Tuesday, September 11, 2012

Developing A Better Game: FIFA 13

Article by Luke Lohr

FIFA is a very ominous name to the causal reader or follower of soccer. To the gamer however, the name FIFA is a signal that the best interactive soccer experience is upon us. Electronic Arts has been publishing the FIFA series for years and as those years wear on, players demand new, improved experiences.

That is the challenge of an annualized franchise. To create a product that is both fresh and true to the vision is challenging. Criticisms of being just a "roster update" or "slightly better graphics" are something that developers must deal with each year. To that end, Gameplay Producer, Kantcho Doskov was kind enough to sit down and answer a few questions regarding this year's iteration of the game and why it may be the best soccer experience to date. After the successful reboot of the FIFA Street franchise, FIFA 13 offers even more.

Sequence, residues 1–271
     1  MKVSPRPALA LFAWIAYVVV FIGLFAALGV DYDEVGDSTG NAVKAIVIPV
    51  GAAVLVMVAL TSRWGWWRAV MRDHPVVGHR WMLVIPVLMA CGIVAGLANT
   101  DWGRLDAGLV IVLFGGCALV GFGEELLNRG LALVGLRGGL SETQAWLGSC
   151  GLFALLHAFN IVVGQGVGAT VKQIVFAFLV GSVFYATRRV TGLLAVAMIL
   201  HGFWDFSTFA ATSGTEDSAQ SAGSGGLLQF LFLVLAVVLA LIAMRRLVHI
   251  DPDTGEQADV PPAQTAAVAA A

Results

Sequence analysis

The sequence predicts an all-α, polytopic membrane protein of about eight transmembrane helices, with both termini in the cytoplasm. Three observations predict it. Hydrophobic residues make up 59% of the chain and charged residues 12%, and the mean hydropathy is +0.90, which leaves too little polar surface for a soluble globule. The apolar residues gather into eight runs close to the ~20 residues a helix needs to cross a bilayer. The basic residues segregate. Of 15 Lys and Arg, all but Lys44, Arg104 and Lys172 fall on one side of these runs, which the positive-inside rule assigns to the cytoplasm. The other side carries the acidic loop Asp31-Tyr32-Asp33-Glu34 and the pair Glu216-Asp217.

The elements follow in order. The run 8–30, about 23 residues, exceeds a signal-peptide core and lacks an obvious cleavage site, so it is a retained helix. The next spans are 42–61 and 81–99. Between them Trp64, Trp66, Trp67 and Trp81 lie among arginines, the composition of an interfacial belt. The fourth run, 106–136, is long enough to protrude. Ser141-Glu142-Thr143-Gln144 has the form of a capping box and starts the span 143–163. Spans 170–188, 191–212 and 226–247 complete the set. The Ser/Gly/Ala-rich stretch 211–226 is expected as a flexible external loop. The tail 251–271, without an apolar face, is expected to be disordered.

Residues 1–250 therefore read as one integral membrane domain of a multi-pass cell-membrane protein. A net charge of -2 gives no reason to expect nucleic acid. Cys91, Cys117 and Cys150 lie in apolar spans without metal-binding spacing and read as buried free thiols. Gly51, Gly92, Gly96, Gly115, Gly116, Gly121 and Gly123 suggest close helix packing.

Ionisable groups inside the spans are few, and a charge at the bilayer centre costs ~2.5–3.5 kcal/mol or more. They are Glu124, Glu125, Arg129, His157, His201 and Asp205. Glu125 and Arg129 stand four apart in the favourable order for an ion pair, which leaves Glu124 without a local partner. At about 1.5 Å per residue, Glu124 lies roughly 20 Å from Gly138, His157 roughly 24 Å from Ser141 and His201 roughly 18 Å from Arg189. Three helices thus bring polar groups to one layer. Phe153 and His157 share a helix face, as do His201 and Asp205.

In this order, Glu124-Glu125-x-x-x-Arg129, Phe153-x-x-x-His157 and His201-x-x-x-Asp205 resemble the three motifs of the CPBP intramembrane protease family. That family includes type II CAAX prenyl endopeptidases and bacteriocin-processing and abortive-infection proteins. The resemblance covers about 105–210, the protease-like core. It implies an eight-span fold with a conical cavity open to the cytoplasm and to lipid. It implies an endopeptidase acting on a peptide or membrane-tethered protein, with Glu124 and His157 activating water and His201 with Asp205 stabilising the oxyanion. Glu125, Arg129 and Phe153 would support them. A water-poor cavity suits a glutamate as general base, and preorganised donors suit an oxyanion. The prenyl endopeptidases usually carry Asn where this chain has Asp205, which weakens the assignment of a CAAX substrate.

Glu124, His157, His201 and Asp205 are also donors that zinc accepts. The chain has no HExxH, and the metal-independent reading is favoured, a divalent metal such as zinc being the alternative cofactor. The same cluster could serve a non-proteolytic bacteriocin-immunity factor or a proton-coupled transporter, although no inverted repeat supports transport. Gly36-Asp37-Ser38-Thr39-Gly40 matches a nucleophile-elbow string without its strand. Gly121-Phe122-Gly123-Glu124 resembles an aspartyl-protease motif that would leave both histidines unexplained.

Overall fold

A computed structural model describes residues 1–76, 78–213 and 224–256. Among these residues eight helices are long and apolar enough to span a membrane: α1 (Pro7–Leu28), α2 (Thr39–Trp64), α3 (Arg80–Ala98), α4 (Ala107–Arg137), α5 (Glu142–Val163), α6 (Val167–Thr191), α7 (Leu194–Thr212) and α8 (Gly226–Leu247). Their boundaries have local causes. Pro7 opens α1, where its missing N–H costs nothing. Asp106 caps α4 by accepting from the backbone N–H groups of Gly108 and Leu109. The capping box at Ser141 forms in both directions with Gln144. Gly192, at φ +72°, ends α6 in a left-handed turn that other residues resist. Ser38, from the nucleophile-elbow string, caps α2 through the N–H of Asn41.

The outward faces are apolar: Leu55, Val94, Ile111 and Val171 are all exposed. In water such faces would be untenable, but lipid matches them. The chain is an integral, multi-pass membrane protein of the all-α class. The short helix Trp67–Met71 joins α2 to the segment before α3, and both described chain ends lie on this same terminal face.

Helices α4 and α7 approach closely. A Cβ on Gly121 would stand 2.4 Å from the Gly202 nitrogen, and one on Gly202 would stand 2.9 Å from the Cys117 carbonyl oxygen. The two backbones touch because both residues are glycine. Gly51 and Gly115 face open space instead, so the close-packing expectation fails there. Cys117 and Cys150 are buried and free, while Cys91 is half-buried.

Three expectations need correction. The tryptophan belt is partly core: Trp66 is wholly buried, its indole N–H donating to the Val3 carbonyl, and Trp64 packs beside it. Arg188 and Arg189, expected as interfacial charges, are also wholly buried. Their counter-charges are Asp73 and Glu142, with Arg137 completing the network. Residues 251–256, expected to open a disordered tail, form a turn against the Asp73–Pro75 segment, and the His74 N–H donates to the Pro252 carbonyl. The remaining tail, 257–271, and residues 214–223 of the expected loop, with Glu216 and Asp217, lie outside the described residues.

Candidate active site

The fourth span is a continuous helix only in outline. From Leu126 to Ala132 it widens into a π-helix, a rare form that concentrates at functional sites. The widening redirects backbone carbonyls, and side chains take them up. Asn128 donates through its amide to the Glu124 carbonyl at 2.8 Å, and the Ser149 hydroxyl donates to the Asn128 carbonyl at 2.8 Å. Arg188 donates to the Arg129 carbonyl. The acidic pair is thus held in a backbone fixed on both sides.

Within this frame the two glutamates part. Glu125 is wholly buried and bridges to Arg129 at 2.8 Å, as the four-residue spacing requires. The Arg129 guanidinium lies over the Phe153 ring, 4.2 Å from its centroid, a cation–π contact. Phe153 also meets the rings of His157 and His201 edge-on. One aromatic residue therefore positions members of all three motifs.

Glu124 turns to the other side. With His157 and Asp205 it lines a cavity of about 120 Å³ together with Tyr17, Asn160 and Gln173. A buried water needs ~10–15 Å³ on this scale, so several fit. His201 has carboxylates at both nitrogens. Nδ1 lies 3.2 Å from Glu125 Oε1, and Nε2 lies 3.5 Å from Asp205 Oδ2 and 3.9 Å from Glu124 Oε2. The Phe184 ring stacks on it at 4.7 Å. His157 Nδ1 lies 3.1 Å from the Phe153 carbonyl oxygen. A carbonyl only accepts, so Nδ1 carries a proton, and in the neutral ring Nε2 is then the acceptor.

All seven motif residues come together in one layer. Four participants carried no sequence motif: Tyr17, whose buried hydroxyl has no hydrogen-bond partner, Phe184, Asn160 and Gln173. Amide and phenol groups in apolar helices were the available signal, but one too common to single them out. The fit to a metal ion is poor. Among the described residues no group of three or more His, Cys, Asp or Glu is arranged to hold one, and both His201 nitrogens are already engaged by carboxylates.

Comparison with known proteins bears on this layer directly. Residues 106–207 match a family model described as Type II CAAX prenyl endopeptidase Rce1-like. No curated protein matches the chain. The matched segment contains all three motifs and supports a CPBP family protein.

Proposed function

Of particular interest in this interview was Major League Soccer's relationship with the video game juggernaut. The relationship has developed and brewed over the years. Even now it continues to grow.

Luke Lohr: Currently in the gaming world, FIFA's greatest competitor is the Pro Evolution Series, which is respectable in its own right. However, in recent years, EA and the FIFA team have made substantial improvements to the FIFA series to bring the series back to the forefront of soccer fans gaming ambitions. Can you talk about the evolution of FIFA since the 2010 revitalization?

Kantcho Doskov: "FIFA’s transformation started in 2007, when the development team decided to build a new game engine that could harness all the power of the current generation of consoles (Xbox 360 and Ps3). It took three years of hard work, innovation, and focusing on the fundamentals until we were happy with the core gameplay. 360° Dribbling was one of our biggest improvements in Fifa 10, giving you the freedom to dribble in any direction, and elevated FIFA to a 90 rated game for the first time in our history."